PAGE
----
2003 Seattle Annual Meeting (November 2–5, 2003)

Paper No. 9
Presentation Time: 3:00 PM


SAXENA, S.K., Center for the Study of Matter at Extreme Conditions, Florida Int'l Univ, University Park, Miami, FL 33199, saxenas@fiu.edu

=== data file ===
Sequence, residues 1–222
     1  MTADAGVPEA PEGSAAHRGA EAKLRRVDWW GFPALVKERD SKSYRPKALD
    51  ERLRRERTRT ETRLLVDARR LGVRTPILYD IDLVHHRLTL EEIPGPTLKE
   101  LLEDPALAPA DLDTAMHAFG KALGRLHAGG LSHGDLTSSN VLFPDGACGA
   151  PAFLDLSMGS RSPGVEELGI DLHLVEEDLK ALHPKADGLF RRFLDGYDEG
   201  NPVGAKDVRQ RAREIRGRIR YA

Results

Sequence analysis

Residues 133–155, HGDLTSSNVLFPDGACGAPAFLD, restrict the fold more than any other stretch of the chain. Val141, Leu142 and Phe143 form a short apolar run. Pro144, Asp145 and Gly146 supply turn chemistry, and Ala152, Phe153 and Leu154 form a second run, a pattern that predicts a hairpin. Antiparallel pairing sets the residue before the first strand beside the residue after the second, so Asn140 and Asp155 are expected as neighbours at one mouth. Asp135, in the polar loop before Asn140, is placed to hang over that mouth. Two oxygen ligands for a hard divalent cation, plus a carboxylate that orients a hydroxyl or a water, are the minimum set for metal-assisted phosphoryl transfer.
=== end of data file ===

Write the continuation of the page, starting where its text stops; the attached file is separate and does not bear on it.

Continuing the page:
For thermodynamic calculations such as the effect of pressure on the thermochemical properties of solids, it is convenient to calculate volume as a function of pressure and obtain the various energies directly as a function of pressure and temperature. This is difficult with other commonly used equations of state (EoS). Previous formulations of this type work well only over a limited low-pressure range and are not useful for high pressures data. The following equation of Grover et al. (1973) is useful in this regard: alpha V/Vo=ln [ 1 + beta (P-Po)/Ko] (1) where alpha is a fitted constant and Ko bulk modulus at zero pressure. This is a proposal for adopting an empirical equation that is simple and can be used to express volume as a function of pressure. The available PV data on iron and several other solids may be used to establish an equation of state (EoS), which relates volume directly to pressure. We modify Eq. (1) of Grover et al (1973) in establishing an empirical relationship of the form: V (P)=Vo - B ln [(1 + C (P-1)] (2) where the parameters B and C are adjustable parameters and may be used to calculate the bulk modulus and its pressure derivative. The bulk modulus may be calculated from the inverse of compressibility beta as given by beta=(B*C/(1+C*(P-1)))/V (3) An advantage of the logarithmic equation is that we may also use it to calculate P as a function of V by recasting (2) as: P=1+ [Exp((Vo-V)/B) –1]/C (4) The success of any empirical EoS depends on its ability to predict the volume data over extreme range of P. The equation (2) is shown to be useful as an equation of state for many solids over a large pressure range. The solids (maximum pressure in bracket) examined are iron (305), gold (145), platinum (666), bismuth (222) and periclase (MgO) (65) with bulk modulus of 152, 167.267,34 and 189 GPa respectively.